People living in conflict zones globally share a fated suffering of “to be or not to be.” Vishal Bhardwaj’s gut wrenching, powerful Haider is a Shakespearean adaptation of Hamlet. the tragic hero of this tale is no prince but the state of Kashmir. Kashmir land-locked and claimed by the governments of India and Pakistan is burning and burying bodies on both ends of the border. So if Kashmir is Hamlet, Shahid Kapoor plays a symbolic Kashmir as the lead character “Haider” he evokes a beautiful, painful self-awareness; he has an anger fueled insanity in his grief and as moral person he struggles with himself to do the wrong thing for the right reason. Haider is in perpetual agony like his home state of Kashmir, he is born in a conflict zone of a discontent marriage — his mother doesn’t love his father and a sociopath paternal uncle covets his mother. Haider’s personal life plays out the geopolitical rife of war torn Kashmir, nobody belongs to him yet he can’t disavow anyone, lingering between sanity and madness interminably questioning truth and death. An existential backdrop exists in state and self. Cast, cinematography, soundtrack, screenplay, direction amalgamates into art. Pure art. Haider is conscious provoking, controversial conversational art. Like a kaleidoscope, Bashreet Peer and Vishal Bhardwaj’s brilliant writing breaks cliches with storytelling turns bringing light new perspectives. Haider’s dialogues are poetry personified, weighted in introspection and insight but never so heavy-handed it ceases to be relatable. I have seen innumerable adaptations of Hamlet, Vishal’s Haider will continue to haunt me as the most eloquent. tragic, yet hopeful.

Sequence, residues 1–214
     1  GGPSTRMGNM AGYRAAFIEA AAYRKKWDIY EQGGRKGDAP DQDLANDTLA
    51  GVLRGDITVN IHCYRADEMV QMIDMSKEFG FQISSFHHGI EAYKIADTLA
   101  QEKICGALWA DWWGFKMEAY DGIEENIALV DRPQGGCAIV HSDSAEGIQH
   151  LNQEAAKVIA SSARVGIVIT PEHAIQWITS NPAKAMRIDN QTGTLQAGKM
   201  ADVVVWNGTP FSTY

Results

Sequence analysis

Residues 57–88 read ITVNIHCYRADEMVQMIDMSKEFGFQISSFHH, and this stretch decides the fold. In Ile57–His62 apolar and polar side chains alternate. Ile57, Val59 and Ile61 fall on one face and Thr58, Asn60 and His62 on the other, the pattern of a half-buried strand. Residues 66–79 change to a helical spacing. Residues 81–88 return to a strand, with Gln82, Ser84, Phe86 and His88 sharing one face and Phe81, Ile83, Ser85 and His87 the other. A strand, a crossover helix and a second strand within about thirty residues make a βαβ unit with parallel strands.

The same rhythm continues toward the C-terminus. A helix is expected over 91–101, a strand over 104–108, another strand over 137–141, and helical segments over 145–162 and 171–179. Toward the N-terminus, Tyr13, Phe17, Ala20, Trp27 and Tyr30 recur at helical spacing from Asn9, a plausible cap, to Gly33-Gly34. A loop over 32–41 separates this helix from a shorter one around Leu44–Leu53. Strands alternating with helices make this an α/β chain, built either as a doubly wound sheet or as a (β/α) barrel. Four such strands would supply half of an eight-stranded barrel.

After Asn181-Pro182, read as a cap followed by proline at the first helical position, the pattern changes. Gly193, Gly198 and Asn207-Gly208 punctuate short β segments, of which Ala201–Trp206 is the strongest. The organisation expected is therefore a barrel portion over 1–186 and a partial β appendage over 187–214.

My favorite song in the movie “So Jao” riddled my arm with goosebumps. The scratching sound of shovel on snow, gravediggers singing a welcoming song of death juxtaposed on a infectious hummable beat, it palls a devastating dark reality (we really are eventually digging our own graves). Only Gulzar saab of crisp starched whites, the prolific, poet monk could write such a stark, creepy ode in mellifluous meter.